Noose in a Philadelphia tree

Philadelphia police at the noose in a tree on the corner of 18th and Lombard streets.

Anna Orso / Billy Penn

Philly police investigating noose in a tree in Rittenhouse

The finding coincides with a rise in reports of this type around the country, per the New York Times.

Updated, 3:20 p.m.

Philadelphia police are investigating a noose placed in a tree in the tony Rittenhouse neighborhood.

The incident follows an article in the New York Times tracking a rise in reports of nooses being hung around the country, highlighting an incident at the U.S. Mint in Philadelphia.

Per a photo from a Billy Penn tipster, the noose was up in the tree at the corner of 18th and Lombard streets as early as 8:30 a.m. A representative from the 9th District police department told Billy Penn the department was not aware of the noose but would begin looking into the situation. As of just before 10 a.m., the noose was still there, and police had arrived.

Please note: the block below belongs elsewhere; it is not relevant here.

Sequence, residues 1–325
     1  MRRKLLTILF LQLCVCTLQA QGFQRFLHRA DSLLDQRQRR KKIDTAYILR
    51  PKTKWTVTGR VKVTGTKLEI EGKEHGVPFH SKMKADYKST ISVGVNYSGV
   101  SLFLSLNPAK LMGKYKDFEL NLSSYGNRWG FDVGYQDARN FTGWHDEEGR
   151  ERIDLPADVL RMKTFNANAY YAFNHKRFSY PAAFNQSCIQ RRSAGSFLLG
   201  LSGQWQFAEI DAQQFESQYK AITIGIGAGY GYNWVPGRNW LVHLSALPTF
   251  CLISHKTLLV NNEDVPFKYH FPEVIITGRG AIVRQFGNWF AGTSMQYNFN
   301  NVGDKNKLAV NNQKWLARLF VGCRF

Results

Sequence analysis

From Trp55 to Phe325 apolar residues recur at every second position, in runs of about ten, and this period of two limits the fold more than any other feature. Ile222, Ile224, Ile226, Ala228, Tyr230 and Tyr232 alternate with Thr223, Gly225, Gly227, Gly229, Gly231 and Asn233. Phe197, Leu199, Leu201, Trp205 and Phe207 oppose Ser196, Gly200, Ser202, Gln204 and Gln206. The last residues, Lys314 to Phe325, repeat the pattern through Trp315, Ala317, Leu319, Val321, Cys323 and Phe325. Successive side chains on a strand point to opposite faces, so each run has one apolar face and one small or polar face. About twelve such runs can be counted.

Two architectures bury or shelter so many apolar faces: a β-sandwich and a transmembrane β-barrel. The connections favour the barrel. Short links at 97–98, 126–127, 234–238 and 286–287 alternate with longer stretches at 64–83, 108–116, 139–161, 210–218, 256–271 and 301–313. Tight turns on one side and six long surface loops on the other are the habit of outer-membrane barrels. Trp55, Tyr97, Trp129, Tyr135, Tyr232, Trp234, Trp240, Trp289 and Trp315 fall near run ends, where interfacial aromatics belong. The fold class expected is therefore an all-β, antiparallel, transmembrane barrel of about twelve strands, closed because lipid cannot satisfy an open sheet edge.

A noose hangs on a tree at 18th and Lombard

A noose hangs on a tree at 18th and Lombard

Anna Orso/Billy Penn

The noose is located on the property of the Pepper Building, an apartment complex, and is across from Penn Medicine Rittenhouse. A hospital administrator said he had seen graffiti in the area but nothing like this.

Nooses have long been considered a symbol of animosity and racism toward African-Americans, bringing to mind lynchings.

The New York Times reported an incident in which a white worker at the Philadelphia Mint left a noose in the work area of a black employee. The white employee was placed on administrative leave.

The story detailed incidents throughout the country, including nooses being hung at the National Mall in Washington DC, at American University and at a high school in North Carolina.

This afternoon, the Mayor’s Office released a statement with the Philadelphia Commission on Human Relations urging anyone with information to come forward.

“It’s appalling that in 2017 anyone would commit such a vicious act as hanging a noose, a symbol of racial animus that has a painful history in this country,” the statement read. “These symbols of hate and racially-motivated violence have no place in Philadelphia – our residents and visitors should not have to witness such abhorrent incidents in public or private settings.”